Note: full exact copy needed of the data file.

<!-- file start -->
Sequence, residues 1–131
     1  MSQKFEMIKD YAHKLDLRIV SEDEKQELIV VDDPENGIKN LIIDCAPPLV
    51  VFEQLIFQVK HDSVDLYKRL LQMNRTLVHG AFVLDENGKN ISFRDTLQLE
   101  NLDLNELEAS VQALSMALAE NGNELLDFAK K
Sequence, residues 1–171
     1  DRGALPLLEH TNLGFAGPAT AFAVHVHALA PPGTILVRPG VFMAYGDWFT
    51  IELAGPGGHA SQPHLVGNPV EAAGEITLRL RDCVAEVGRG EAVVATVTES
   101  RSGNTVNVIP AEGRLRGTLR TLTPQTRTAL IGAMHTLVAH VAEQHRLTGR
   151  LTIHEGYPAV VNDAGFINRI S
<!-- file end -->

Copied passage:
Sequence, residues 1–131
     1  MSQKFEMIKD YAHKLDLRIV SEDEKQELIV VDDPENGIKN LIIDCAPPLV
    51  VFEQLIFQVK HDSVDLYKRL LQMNRTLVHG AFVLDENGKN ISFRDTLQLE
   101  NLDLNELEAS VQALSMALAE NGNELLDFAK K
Sequence, residues 1–171
     1  DRGALPLLEH TNLGFAGPAT AFAVHVHALA PPGTILVRPG VFMAYGDWFT
    51  IELAGPGGHA SQPHLVGNPV EAAGEITLRL RDCVAEVGRG EAVVATVTES
   101  RSGNTVNVIP AEGRLRGTLR TLTPQTRTAL IGAMHTLVAH VAEQHRLTGR
   151  LTIHEGYPAV VNDAGFINRI S